“Helsinki VTS, thank you for permission to depart,” the captain says over the radio. He checks with the Vessel Traffic Service to see if there’s anything to be looking out for. Just one other big ship, but also lots of small boats, enjoying the calm water, which could be hazards. Not a problem for this captain—he has a giant screen on the bridge, which overlays the environment around his vessel with an augmented reality view. He can navigate the Baltic Discoverer confidently out of Finland’s Helsinki Port using the computer-enhanced vision of the world, with artificial intelligence spotting and labeling every other water user, the shore, and navigation markers.
This not-too-far-in-the-future vision comes from Rolls-Royce. (One iteration of it, anyway: The Rolls-Royce car company, the jet engine maker, and this marine-focused enterprise all have different corporate owners.) The view provided to the crew of the (fictional) Baltic Discoverer is an example of the company’s Intelligent Awareness system, which mashes together data from sensors all over a vessel, to give its humans a better view of the world. But that’s just the early part of the plan. Using cameras, lidar, and radar, Rolls wants to make completely autonomous ships. And it’s already running trials around the world.
“Tugs, ferries, and short-sea transport, these are all classes of vessels that we believe would be suitable for completely autonomous operations, monitored by a land based crew, who get to go home every night,” says Kevin Daffey, Rolls-Royce’s director of marine engineering and technology. Suitable, because they all currently rely on humans who demand to be paid—and can make costly mistakes. Over the past decade, there have been more than 1,000 total losses of large ships, and at least 70 percent of those resulted from human error. The argument looks a lot like the one for self-driving cars: Machines stay sober and focused, beat out human reaction times, and can look in every direction at once. Get their programming right, and they should crash less than humans do.
Moreover, the economic case for automating shipping is clear: About 100,000 large vessels are currently sailing the world’s oceans, and the amount of cargo they carry is projected to grow around 4 percent a year, according to the United Nations Conference on Trade and Development. Beyond preventing accidents, human-free ships could be 15 percent more efficient to run, because they don’t need energy-gobbling life support systems, doing things like heating, cooking, and lugging drinking water along for the ride.
The ship’s sensors are similar to those you’d find on your neighborhood self-driving car, with a few important changes. Their cameras have to provide enough information to identify small objects on the horizon, which means they need a higher pixel count for better resolution, which means more data to sort through. “It’s a terabyte of data a day,” Daffey says. That requires a huge amount of processing power, so Rolls is working with Intel to install server rooms on its vessels. The sensors generate a staggering amount of data. All of it’s stored onboard and uploaded to the cloud once per month, when the ships dock.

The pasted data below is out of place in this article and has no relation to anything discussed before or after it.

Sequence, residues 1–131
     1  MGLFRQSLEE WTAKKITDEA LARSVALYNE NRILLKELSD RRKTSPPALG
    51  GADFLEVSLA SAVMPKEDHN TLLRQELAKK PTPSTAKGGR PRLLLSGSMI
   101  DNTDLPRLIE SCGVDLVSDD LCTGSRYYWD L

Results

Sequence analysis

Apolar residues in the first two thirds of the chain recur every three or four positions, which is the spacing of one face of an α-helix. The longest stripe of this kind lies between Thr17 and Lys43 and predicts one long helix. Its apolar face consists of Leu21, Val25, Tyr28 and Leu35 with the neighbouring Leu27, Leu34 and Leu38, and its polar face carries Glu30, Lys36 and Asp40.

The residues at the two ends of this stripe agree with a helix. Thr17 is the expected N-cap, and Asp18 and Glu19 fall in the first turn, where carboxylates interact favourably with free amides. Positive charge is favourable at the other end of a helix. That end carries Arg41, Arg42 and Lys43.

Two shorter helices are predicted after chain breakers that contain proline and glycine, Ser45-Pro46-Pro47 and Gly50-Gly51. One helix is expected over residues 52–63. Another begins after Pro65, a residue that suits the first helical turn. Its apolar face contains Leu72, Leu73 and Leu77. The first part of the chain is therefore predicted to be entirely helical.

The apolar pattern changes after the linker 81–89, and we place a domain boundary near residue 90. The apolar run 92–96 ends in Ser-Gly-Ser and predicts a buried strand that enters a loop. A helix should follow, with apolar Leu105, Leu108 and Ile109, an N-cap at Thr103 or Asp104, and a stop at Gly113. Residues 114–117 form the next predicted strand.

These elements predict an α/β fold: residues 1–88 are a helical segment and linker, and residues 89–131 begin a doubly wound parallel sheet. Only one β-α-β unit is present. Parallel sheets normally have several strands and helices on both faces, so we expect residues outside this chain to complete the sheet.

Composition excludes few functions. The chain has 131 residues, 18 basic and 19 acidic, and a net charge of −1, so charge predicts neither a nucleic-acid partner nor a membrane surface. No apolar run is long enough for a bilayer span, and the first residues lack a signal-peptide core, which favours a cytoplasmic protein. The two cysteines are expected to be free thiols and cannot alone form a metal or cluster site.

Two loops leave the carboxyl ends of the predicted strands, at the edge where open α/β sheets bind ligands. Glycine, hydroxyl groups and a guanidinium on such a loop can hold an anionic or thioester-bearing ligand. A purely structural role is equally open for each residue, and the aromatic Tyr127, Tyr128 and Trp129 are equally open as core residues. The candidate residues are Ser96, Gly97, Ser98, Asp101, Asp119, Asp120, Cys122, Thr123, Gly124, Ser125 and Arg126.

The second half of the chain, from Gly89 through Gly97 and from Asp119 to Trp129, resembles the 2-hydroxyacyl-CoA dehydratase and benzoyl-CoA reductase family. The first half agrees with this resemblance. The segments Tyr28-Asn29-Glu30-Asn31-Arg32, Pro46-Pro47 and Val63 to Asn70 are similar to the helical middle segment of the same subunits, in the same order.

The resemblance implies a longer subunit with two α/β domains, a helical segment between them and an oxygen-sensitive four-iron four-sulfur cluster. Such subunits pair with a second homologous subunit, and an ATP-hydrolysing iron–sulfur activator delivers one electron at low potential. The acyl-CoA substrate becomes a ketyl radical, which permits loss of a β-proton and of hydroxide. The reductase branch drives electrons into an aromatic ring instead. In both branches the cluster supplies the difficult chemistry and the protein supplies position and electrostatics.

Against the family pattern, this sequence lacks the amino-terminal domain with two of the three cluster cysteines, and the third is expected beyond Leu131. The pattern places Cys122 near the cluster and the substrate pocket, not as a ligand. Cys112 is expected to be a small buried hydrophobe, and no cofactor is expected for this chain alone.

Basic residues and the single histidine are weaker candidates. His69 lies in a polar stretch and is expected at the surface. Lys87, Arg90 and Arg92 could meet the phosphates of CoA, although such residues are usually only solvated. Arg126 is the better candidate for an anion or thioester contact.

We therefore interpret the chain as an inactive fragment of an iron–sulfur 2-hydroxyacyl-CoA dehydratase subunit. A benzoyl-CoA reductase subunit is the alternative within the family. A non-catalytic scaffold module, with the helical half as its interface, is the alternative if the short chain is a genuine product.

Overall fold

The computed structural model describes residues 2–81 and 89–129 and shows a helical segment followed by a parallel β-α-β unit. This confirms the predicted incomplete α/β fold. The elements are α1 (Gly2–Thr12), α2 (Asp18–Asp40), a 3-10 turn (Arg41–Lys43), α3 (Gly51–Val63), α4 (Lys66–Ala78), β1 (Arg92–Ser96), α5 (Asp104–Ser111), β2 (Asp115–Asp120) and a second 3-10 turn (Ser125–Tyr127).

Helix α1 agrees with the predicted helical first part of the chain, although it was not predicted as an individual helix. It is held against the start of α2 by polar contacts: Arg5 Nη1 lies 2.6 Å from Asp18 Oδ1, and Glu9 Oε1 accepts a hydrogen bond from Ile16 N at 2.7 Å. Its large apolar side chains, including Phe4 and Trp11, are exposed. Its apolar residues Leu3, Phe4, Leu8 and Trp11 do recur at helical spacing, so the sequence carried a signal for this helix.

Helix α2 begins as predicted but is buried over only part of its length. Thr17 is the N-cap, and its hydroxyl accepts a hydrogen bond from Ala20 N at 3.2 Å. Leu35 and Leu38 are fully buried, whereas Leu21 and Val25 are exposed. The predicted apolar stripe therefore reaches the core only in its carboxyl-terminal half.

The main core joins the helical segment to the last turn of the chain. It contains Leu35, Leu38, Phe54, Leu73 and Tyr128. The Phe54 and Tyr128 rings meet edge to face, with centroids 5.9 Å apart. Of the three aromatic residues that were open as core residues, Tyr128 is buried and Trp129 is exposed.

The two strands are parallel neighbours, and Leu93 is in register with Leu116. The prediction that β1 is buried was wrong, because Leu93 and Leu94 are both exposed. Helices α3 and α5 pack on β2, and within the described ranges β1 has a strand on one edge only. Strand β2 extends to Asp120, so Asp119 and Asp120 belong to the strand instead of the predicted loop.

Collecting the data is only step one. Understanding it comes thanks to a neural net, which Rolls-Royce is training with 5 million images scraped off the internet. It’s using crowdsourcing to identify objects (like car companies do with road features) to train its AI what boats look like from every angle, how markers appear, and where coastlines begin and end. It’s also running a trial system on a Japanese ferry out of Kobe, which typically runs at night, so is able to collect a lot of thermal-camera night-vision images, and on ferries which run off the southwest coast of Finland. “The great thing about the sea there is the huge amount of traffic, so we see lots of different, difficult-to-identify craft, like pleasure vessels,” Daffey says.
The next step, again, like cars, is to run autonomous operations in areas that are well defined, with reasonably predictable conditions. Self-driving car companies are flocking to Phoenix, Arizona, for that. Rolls-Royce is using designated test areas off the coast of Norway. It’s supplying 19 ferries with “autocrossing” systems. Think Tesla’s Autopilot. These systems are designed to handle some tasks of sailing, but there’ll still be a human onboard, in charge. The computer could undock, cross between ports, and redock. It could also optimize the route for fuel economy and automatically adjust power to take into account wear or fouling of the boat and propeller, weather conditions, and keep to timetables, which should help cut operating costs.
Rolls isn’t the only company looking to take the humans off the high seas. Buffalo Automation, a startup with close ties to the University of Buffalo in New York, has developed a system that can control ships up to 800 feet long, and has been testing it on the Cuyahoga River in Cleveland. Meanwhile, the International Maritime Organization is only just starting to consider new rules and permissions for autonomy, which makes sailing across international jurisdictions tricky. Some ships, like those carrying hazardous cargo, may never go people-free, Daffey says, but that leaves plenty of market share.
Rolls-Royce believes it could speed things up by sticking to one country’s waters. It wants to operate ferry services in welcoming countries like Norway, Finland, Denmark, Singapore, and the UK in two to three years, to start to deliver on the bigger vision, augmented and beyond.
More Great WIRED Stories
social experiment by Livio Acerbo #greengroundit #wired https://www.wired.com/story/rolls-royce-autonomous-ship